Wheelwright House, Strawbery Banke Museum

Wheelwright House, Strawbery Banke Museum

At their best, historic sites and house museums provide meaningful and personal touchstones to the past. They provide a forum and a place to connect historical, social, and cultural issues with contemporary counterparts. They inspire us to think about and act on those issues in our own lives and communities.

Yet for much of the public, a historic house museum connotes something at least partly negative: an old building filled with precious things carefully protected by velvet ropes and draconian guides, offering an experience that is alternately boring and fanciful, passive, and even off-putting. House museums have overlooked the essence of these places as homes, precluding current relevance in favor of immutable stories and physical barriers. House museums are at their worst when they overemphasize the physical attributes of the site—its aesthetics and its collections, the “thingness” of the place—through rigid standards for historical preservation and collections care, carried out at the expense of the site’s educational and inspirational potential.

The cultural tourism model has failed most house museums. Iconic places, like Mount Vernon, will always have a place in the museum landscape, but the majority of house museums are not destination sites. Places of local—as opposed to regional and national—relevance, may suffer lingering deaths if they do not adopt new methods and philosophies. Inevitably, the roof will collapse, figuratively and literally. It is time to reconceptualize historic sites and embrace the Darwinian principle that survival requires adaptation.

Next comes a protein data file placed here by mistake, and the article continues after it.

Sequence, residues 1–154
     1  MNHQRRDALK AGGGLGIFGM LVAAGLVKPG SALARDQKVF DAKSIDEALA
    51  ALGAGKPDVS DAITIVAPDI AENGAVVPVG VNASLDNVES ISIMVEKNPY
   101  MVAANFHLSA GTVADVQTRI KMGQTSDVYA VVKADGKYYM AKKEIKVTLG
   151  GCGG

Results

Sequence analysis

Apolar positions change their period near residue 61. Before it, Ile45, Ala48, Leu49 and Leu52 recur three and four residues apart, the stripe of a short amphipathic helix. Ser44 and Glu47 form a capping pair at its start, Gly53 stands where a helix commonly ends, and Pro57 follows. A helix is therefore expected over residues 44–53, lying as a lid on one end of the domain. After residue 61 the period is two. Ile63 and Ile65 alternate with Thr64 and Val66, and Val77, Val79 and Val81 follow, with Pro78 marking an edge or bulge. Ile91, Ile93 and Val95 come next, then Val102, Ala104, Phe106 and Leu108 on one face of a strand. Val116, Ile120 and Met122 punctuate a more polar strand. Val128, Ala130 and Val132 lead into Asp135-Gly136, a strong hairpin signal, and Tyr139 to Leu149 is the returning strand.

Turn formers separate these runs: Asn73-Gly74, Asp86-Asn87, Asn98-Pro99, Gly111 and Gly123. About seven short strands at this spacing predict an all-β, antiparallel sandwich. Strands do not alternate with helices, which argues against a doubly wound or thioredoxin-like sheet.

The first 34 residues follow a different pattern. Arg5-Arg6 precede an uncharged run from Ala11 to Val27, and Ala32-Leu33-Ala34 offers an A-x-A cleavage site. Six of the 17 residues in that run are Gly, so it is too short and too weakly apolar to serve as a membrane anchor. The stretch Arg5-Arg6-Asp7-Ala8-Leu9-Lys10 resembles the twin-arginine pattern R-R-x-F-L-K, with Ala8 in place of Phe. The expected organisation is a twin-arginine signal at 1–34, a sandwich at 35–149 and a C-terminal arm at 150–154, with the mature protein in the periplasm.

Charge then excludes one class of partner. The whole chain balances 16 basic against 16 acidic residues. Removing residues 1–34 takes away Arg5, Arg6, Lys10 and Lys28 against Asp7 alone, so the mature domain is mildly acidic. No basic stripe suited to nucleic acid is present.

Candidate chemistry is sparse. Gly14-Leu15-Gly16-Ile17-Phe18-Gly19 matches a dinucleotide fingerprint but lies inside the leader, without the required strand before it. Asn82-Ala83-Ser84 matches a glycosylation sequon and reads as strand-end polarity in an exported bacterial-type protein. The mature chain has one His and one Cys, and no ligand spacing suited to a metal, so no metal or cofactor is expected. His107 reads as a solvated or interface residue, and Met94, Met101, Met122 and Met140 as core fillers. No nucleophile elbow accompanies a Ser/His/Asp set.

Photograph of the Mount Vernon Ladies' Association, circa 1873, taken by Leet Brothers.

Photograph of the Mount Vernon Ladies’ Association, circa 1873, taken by Leet Brothers.

A good start would be to abandon the term historic house museum and with it the physical and metaphorical velvet ropes it has come to imply. The word house objectifies the museum setting, treating the building as something that is as much a part of a collection as the things contained within it, rather than as a place of warmth where real people lived and breathed, ate and slept, drank too much, had sex and raised children, fought with each other, and maintained strong and controversial belief systems—in short, all of the things that happen in a home today.

A historic home museum acknowledges and celebrates the events of everyday life, de-sanctifies the house and creates instead a setting for the occurrences of life. It converts vague and sacrosanct historical figures into flesh and blood, warts and all, because our flaws are an important part of what makes us human. A house is just a building, but a home is a place of life with the potential to connect the past and present through objects, stories, and emotions—our shared humanity.


Levine Family Kitchen in the Tenement Museum. Photo by Battman Studios